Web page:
Oath of office

Photo by Michael Johnson

White County Superior Court Judge Robert Mrzlack, left, administers the oath of office to Monticello Mayor Cathy Gross during a ceremony Dec. 30, 2019, at the AMVETS post.

MONTICELLO — A White County judge has been honored by the Indiana Supreme Court for his years of service on the bench.

Judge Robert Mrzlack, who presides over cases in White County Superior Court, was one of 24 overall judicial officers honored by the Indiana Supreme Court earlier this month. He was one of 15 to be honored for years of service on the bench, while nine others received an Indiana Judicial College certificate.

Mrzlack has served as White County Superior Court Judge for 24 years. His service will end Dec. 31 with his retirement as he did not seek another six-year term. He will be replaced on the bench Jan. 1, 2021, by Brad Woolley, who won the June 2 primary election and does not face a challenger in the Nov. 3 general election.

“I am grateful for the opportunity to have served as judge of the White Superior Court for the past 24 years,” he said. “Being a judge is hard work. It can be isolating and stressful. Being honored by Loretta Rush, Chief Justice of the Indiana Supreme Court, for my 24 years of service is very much appreciated.”

Mrzlack was quick to give credit to his court staff — Jane Sprunger (bailiff), Ricki Westerhouse (court administrator) and Jamie Hicks (court reporter).

“They have spent several years with me and deserve a tremendous amount of credit for taking care of me,” he said.

Mrzlack said most people who come before him in court suffer from substance abuse disorders, which adds to the challenge of being a judge.

“It’s a real struggle and a real problem,” he said. “Convincing people to change their attitude and behavior is hard. But by connecting people with appropriate treatment, combined with incarceration, community corrections alternatives — which allows for the development of stable work opportunities — and/or probation, we have seen some success.”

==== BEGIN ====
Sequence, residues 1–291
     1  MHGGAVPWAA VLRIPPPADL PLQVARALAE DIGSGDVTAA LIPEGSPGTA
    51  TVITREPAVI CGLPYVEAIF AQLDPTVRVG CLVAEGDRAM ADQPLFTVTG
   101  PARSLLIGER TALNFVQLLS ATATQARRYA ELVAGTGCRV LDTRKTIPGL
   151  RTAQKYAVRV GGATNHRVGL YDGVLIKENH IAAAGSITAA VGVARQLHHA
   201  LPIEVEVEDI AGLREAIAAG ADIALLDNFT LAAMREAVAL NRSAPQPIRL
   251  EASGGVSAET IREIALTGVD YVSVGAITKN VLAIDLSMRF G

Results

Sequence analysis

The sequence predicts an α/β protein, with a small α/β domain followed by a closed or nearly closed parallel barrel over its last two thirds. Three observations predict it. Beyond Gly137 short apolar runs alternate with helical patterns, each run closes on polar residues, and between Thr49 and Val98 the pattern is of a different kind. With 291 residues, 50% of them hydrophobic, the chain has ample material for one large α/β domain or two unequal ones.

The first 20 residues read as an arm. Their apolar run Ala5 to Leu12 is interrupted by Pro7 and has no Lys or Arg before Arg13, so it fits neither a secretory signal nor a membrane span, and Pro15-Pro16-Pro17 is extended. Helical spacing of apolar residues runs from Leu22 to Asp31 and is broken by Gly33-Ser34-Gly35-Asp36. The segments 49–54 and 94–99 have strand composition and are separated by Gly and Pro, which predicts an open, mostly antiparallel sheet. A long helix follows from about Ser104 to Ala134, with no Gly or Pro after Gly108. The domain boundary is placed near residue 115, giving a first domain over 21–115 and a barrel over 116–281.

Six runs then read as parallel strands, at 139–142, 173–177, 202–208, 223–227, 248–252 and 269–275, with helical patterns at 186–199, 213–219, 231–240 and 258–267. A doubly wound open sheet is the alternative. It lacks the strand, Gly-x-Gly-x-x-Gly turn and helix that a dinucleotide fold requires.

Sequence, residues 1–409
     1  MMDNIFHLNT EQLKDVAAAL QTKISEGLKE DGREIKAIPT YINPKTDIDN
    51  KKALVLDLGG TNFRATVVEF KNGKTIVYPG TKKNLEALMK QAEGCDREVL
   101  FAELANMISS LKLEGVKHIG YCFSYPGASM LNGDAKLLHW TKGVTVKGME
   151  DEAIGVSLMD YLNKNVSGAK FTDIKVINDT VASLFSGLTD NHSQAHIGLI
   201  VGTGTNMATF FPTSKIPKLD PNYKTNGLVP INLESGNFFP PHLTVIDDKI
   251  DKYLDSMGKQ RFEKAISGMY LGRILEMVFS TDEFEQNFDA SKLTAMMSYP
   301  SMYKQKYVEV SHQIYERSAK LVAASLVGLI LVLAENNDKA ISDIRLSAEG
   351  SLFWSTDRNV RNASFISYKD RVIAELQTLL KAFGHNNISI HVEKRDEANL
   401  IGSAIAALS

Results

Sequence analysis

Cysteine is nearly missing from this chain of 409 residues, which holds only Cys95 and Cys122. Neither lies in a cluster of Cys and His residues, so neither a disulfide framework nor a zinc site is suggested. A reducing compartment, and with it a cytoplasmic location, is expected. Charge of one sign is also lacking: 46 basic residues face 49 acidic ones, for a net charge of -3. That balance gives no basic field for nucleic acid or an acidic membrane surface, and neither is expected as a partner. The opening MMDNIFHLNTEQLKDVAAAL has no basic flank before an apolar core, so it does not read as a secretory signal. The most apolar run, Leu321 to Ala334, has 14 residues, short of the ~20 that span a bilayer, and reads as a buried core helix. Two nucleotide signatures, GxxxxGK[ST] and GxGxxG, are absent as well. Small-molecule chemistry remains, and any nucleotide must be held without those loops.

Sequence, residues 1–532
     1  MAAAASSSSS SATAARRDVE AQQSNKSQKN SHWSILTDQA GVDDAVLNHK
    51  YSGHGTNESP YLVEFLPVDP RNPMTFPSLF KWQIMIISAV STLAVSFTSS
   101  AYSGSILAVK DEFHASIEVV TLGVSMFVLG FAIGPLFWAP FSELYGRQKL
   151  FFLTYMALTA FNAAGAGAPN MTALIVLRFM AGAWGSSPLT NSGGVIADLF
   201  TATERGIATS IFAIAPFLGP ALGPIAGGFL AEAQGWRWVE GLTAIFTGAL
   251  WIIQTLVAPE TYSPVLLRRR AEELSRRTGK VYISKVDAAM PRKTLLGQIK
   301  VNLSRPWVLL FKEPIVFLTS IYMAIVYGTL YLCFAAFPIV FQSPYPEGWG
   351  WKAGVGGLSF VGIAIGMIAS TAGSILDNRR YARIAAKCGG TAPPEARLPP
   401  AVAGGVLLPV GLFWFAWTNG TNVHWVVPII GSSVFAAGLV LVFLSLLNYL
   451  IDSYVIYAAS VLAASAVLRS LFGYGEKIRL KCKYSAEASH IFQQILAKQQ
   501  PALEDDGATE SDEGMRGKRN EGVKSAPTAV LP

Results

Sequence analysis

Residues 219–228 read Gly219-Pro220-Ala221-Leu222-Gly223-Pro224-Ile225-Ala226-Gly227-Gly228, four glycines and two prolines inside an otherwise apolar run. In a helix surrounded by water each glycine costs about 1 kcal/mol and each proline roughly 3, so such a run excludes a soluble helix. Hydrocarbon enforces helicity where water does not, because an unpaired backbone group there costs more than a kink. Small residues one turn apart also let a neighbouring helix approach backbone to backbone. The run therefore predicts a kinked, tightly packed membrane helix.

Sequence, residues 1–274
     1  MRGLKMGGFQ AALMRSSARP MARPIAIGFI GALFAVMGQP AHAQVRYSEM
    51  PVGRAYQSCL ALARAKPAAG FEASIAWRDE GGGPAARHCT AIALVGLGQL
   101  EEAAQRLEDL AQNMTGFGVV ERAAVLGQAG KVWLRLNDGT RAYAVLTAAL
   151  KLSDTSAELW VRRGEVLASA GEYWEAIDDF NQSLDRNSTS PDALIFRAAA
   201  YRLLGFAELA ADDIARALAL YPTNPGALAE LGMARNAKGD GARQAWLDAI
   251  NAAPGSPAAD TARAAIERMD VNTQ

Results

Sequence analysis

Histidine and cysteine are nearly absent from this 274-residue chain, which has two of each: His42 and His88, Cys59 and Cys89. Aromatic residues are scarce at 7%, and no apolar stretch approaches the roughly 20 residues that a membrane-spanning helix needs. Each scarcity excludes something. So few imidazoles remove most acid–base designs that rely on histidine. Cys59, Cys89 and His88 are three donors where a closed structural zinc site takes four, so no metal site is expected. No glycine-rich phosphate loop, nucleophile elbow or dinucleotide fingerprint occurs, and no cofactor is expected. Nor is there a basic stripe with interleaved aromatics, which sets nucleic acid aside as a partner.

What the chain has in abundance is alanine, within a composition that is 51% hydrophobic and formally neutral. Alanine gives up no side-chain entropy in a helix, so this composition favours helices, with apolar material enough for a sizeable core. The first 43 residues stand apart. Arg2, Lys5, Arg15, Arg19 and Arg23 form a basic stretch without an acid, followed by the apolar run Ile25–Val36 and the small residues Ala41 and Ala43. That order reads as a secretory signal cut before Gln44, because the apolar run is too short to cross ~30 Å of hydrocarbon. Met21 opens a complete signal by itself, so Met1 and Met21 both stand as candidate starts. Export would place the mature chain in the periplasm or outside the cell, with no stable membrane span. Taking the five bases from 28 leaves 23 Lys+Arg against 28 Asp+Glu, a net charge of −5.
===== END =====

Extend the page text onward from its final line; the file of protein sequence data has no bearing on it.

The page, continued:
Those successes, Mrzlack said, account for some of his best days, which include receiving letters from people who have been in his court.

“I received one a few days ago, thanking me for sentencing them and for helping them save their lives,” he said. “You can tell that they are truly proud of what they have been able to accomplish and I am so proud of them as well. Those notes just reinforce my belief that there is good in most people.”

For the Indiana Judicial College certificate, judges must complete 120 hours of education presented by the Indiana Office of Court Services, a part of the Office of Judicial Administration that serves as the state’s judicial research and continuing judicial education agency. The program enhances legal knowledge, and improves personal and professional development for judges, probation officers and other court personnel.

Other area judges receiving recognition include Pulaski Superior Court Judge Crystal Brucker Kocher (IJC certificate) and Benton County Circuit Court Judge Rex Kepner (24 years of service).

Trial judges are commonly elected to a six-year term; therefore, those receiving the 24-year certificate have likely been elected more than four times.

The accomplishments were celebrated during the state’s annual judicial conference, which was conducted virtually to accommodate social distancing measures.